They are well into the second hour when Claire shifts and notices the bulk in her jacket pocket. She recalls the package and pulls it out, showing Lucy.
“Who do you think it’s from?” Lucy asks.
Claire considers the plain brown paper, the carefully wrapped twine. “I don’t know. Alice must have delivered it last night, or maybe this morning?”
“Open it,” Lucy says, leaning in close to watch.
Claire tugs on the twine and the knot comes lose. Inside is a plain wooden box with a similarly unornamented clasp. With trembling fingers Claire lifts the clasp and opens the tiny chest. There is a moment of disappointment as Claire realizes the box is empty before she is overcome by a scent — no, many scents: lavender and chocolate, hyacinths and roses, rain and freshly tilled earth, cinnamon and marshmallow and full-bodied red wine. Lucy’s eyes widen and Claire knows she has smelled it too.
Each distinct smell summons to mind a moment, a person, a memory — the Grey Market, a rainy night on the pier, a walk through the Chateau de Verre, a candlelit evening with a good friend, a dinner shared with neighbours. As she sees the tear drifting down Lucy’s cheek Claire wonders if the scents are the same for her, and if she also has a memory for each.
“What do you think it means?” Lucy asks, wiping her cheek against her sleeve.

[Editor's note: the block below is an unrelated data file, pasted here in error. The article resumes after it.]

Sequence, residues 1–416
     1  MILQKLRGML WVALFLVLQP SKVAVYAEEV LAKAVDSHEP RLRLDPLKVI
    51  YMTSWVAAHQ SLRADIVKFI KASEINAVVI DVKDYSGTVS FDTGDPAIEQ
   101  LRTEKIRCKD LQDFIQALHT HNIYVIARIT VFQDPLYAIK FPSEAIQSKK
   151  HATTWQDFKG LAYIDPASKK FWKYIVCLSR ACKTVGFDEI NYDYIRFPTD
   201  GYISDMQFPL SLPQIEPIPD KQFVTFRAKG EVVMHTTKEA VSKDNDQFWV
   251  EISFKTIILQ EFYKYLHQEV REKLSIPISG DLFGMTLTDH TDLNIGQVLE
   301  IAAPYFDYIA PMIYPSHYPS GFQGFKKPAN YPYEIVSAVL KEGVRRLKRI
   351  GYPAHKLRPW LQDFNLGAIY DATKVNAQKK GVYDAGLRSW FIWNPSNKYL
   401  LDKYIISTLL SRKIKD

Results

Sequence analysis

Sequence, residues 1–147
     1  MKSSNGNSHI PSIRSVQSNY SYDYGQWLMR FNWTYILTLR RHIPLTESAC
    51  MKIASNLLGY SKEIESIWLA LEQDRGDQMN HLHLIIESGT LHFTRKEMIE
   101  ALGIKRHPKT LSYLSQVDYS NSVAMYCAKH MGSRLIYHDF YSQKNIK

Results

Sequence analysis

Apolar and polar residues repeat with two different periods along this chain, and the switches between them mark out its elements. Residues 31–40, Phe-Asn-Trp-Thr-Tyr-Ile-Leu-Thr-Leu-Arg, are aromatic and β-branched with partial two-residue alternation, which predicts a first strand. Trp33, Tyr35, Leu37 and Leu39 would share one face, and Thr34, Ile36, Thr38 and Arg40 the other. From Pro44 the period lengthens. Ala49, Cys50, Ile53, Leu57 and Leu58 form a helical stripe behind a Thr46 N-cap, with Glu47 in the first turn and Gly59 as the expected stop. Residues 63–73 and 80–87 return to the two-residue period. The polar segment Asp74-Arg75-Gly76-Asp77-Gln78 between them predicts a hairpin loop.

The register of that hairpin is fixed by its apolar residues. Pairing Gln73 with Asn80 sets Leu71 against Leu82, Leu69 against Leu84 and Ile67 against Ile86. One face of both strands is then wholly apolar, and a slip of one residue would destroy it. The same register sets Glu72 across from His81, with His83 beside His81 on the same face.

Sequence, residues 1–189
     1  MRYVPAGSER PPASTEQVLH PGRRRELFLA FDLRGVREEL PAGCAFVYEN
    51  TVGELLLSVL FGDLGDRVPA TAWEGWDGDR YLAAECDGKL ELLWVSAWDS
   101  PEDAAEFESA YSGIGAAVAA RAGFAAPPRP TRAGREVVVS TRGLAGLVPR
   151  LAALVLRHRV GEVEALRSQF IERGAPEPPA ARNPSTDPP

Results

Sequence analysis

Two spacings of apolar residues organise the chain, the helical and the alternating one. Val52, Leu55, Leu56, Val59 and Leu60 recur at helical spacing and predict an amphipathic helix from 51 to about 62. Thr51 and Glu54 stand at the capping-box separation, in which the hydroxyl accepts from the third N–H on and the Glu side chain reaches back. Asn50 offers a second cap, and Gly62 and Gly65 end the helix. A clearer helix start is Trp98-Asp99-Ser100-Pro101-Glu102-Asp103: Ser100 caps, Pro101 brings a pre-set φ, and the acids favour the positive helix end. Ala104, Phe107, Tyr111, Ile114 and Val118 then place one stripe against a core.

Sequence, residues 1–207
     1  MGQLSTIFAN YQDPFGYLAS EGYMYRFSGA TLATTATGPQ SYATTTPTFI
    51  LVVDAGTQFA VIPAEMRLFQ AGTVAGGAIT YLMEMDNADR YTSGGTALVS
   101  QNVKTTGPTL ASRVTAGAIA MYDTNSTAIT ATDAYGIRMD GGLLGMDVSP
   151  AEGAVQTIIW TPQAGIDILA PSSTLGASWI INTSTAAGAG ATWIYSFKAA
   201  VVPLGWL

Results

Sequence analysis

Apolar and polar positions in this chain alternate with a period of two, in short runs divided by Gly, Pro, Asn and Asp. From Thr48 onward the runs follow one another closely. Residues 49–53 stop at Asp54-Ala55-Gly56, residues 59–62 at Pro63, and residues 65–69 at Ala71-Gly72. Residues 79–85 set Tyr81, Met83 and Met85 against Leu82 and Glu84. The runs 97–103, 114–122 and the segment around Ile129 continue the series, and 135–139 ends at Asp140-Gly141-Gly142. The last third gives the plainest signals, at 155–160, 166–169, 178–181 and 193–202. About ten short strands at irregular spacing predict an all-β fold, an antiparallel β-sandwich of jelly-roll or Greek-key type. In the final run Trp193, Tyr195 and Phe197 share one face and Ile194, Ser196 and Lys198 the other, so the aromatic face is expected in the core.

“I don’t know,” Claire admits, “It feels like the house, or maybe the city, saying goodbye?”
Lucy considers the emptiness within the box and frowns, her thick brows furrowing in thought. “I’m not sure,” Lucy says, “It feels more like… like a promise.”
“Like it’s still there. All of it. The city, 53 Ganymede, everything that ever happened. And… and the box is still empty,” she takes it from Claire, inspecting it one more time in the faint light through the train window. “Like it’s still waiting to be filled.”
She passes the box back to Claire who breathes in its heady scent once more while considering the winding grain at the bottom.
The pale sun is high in the sky by the time they depart the train, glad to be able to stretch their stiff arms and legs. They hurry from the platform through to the station, double checking their phones for the directions to their new apartment. They set out from the station onto the street, their pace a war waged between curiousity and the sharp bite of the northern air.
“I wish I’d brought my winter jacket,” Claire laments and Lucy laughs.
“Oh look!” She points to a string of low restaurants and cafes across the street. “Maybe we can come back this way tonight and get something to eat?”
“Maybe we should order in.” Claire stamps her feet, trying to fend off the numbness in her toes.